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Could Renting Be Better Than Buying?

Posted by Tim Weisheyer on Nov 10, 2015 10:00:00 AM

Interest rates are at record lows and the housing market is red hot. Isn’t it time for you to jump into the deep end of the pool and buy your dream home before you get priced out of the market? Maybe. But you need to be honest with yourself to determine whether you are financially ready for a home purchase. For some – especially for a short period of time – it may make better financial sense to opt for renting your dream home over buying it at first.

could renting be better than buying

Dave Ramsey, best-selling author and one of the most trusted financial experts in the nation, urges his listeners to consider three factors when buying a home—amount of debt, lack of rainy day fund, and not enough savings for a down payment, and I agree.

Reduce Your Debts

Before making such an important financial decision, you should work to reduce or eliminate as much debt as possible. Not only will this make it easier for you to meet your monthly payments, but it will determine whether you are able to qualify for a loan and the interest rate you will pay. You may have heard of debt-to-income ratio – which is one gauge lenders rely on to determine whether they will offer you a loan. If you have too much debt, you are viewed as living too close to the financial edge and will be deemed too high of a risk for a loan. About 30 percent of your credit score is based on your debt. Debt makes your credit score go down, which in turn increases the interest rate you pay on a loan.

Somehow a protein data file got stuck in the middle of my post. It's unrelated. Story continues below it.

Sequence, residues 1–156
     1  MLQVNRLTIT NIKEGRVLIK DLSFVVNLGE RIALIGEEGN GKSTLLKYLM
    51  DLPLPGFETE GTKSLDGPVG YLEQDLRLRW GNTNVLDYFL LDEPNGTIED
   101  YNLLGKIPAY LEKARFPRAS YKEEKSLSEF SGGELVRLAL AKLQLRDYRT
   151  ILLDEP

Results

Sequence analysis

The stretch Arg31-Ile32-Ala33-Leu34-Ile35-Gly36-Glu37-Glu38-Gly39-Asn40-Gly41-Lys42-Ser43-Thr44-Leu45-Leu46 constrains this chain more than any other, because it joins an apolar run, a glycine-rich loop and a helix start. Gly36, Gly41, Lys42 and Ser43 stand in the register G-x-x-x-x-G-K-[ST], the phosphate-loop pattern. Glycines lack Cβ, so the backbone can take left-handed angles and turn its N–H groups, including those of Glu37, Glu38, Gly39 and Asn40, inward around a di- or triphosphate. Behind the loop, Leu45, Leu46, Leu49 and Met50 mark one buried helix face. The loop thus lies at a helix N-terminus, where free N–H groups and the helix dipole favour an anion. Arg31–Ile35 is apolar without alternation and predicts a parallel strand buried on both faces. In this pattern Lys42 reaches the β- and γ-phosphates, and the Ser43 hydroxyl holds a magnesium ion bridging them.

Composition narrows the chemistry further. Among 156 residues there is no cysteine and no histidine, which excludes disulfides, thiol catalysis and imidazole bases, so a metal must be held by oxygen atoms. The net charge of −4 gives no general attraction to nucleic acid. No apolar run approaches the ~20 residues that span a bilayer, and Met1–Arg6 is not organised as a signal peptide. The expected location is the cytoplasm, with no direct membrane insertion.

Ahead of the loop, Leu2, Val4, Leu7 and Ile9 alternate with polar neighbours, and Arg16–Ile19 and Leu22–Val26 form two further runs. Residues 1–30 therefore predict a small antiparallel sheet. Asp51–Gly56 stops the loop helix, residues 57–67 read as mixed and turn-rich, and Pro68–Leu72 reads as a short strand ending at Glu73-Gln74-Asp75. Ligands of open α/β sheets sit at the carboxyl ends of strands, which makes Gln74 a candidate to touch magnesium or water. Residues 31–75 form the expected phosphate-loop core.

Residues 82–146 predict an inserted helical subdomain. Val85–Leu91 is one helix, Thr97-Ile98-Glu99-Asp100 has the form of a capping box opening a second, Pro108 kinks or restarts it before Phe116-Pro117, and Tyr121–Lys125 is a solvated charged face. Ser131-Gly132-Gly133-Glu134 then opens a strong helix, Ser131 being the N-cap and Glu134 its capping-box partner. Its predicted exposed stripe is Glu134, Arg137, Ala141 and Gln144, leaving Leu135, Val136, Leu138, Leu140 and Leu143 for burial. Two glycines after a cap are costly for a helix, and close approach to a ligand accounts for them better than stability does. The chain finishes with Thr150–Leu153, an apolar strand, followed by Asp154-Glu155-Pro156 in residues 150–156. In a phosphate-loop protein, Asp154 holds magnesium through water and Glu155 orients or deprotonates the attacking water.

Rainy Day Fund

Setting up a rainy day fund to cover life’s unexpected events is also a must before thinking of home ownership. When you have to choose between covering an auto repair and meeting a monthly mortgage payment, you are setting yourself up for financial peril. Dave Ramsey recommends a minimum of $1,000 in your rainy day fund.

Saving for a Down Payment

Building up savings for a down payment is also important. Although there are loans available that require as little as a 0 percent or 3.5 percent down payment, the more you can put down the better off you are. Ideally, you want to put at least 20 percent down to avoid having to pay mortgage insurance. On a $170,000 home – the August 2015 median price in Osceola County – private mortgage insurance would be roughly $800 a year (or about $70 per month) added to your mortgage payment. What could an additional $70 a month do for you or your family?

We know it’s not often you’ll hear a real estate agent tell you to hold off on your home purchase, but an honest and trustworthy REALTOR® should only guide you through this process if you are actually prepared – that is what trusted advisors do.

In response to this approach, a fair question is, “Won’t my dream home be out of reach if I wait to accomplish these three things?” Although home prices and interest rates will continue to rise, being on a sound financial footing provides you the best chance of making your homeownership a success. My goal is to help people achieve their American dream of homeownership, not see individuals and families struggle to stay afloat.

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Topics: Buying a Home, Renting a Home, Buying 101, Renting 101

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